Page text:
Barack Obama gave a speech today taking on the complicated history of racial relations in America. Considering the how difficult a topic this is to tackle, it was a brave move. Embedded within the speech was a quote from Faulkner, “The past isn’t dead and buried. In fact, it isn’t even past.”
Andrew Sullivan at The Atlantic ran a letter from a reader explaining why “what Obama was signaling – that his speech – and his candidacy – are about confronting history from a Faulknerian standpoint was, to me, the bravest thing he did.”
This famous Faulkner quote was spoken by Gavin Stevens, “the intellectual, philosophical, and deucedly clever county attorney,” according to one reviewer at the time. Stevens turns up in several works by Faulkner, including the “Snopes trilogy” (The Hamlet, The Town, The Mansion) and stories collected in Go Down, Moses and Knight’s Gambit.
Obama got the spirit of the quote right, though not quite the wording. It’s actually simpler and more stark: “The past is never dead. It’s not even past,” and it refers to the way in which history seemed to haunt Southerners. The quote is taken from Faulkner’s Requiem for a Nun, a book that is part prose and part play, a sequel to Sanctuary, and generally not considered one of Faulkner’s best works.
Obama meant the quote in a sense that captures the spirit of Faulkner’s South, that the legacy of our country’s racial history is so present all around us that it can’t really be considered “past.” Interestingly enough, though, the phrase has been borrowed from time to time to refer to the way in which our political campaigns have a way of repeating themselves. In 2004, Robin Toner in the New York Times trotted out a variant of Faulkner’s famous line – “The past, in other words, is never really dead in presidential campaigns. It’s not even past.” – to cap off a column describing how the Republicans used very much the same gameplan in going after John Kerry in 2004 as they did Michael Dukakis in 1988.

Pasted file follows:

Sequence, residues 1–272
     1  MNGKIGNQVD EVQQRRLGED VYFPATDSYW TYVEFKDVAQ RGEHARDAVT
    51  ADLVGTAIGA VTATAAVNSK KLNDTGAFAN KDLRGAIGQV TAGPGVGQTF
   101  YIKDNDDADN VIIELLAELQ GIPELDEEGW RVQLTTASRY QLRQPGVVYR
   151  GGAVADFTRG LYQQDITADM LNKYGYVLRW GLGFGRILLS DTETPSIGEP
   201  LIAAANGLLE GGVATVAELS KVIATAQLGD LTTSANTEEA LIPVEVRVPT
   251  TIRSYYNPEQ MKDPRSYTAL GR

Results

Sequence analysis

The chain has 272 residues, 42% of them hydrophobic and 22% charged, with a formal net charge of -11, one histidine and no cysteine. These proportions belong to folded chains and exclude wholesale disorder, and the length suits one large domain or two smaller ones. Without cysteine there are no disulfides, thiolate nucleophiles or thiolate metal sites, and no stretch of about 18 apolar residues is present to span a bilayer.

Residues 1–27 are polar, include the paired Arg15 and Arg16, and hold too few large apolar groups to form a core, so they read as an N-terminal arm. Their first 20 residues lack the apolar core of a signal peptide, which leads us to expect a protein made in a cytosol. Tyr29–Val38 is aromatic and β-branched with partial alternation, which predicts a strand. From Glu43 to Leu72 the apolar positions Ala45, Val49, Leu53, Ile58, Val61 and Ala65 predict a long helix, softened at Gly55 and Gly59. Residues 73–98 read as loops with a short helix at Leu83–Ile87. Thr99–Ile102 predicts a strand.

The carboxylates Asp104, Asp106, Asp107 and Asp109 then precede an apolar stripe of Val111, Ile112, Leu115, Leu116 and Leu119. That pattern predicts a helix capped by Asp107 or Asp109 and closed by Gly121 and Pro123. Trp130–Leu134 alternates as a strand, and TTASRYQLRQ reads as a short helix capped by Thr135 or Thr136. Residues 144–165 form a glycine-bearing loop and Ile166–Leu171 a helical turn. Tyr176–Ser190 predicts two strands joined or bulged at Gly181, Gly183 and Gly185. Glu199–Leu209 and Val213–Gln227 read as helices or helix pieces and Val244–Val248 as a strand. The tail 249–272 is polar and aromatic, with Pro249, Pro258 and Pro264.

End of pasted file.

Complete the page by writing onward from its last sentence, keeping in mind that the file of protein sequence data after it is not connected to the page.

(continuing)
Perhaps more relevant to the current race was the prominent placement the quote was given by Time magazine’s neocon columnist William Kristol about a year ago. His take: “For major political parties, which outlive their individual leaders and partisans, the past is never dead.” He went on to posit that the ultimate nominees 2008 campaign would be in the mold of a pair of beloved, departed politicians, Robert Kennedy and Ronald Reagan. It’s looking possible that Kristol will be half right in his guess that the RFK legacy will be filled by Obama; Fred Thompson as Reagan reincarnate is looking less prescient, however.
These examples, though they arise from a different context entirely, can nonetheless be contrasted with Obama’s wielding of Faulkner. In what might be called an echo of the central themes of his candidacy, Obama used the Faulkner quote not in terms of the political reruns that go on cycle after cycle, but in terms of facing up to – and trying to get past – a difficult history.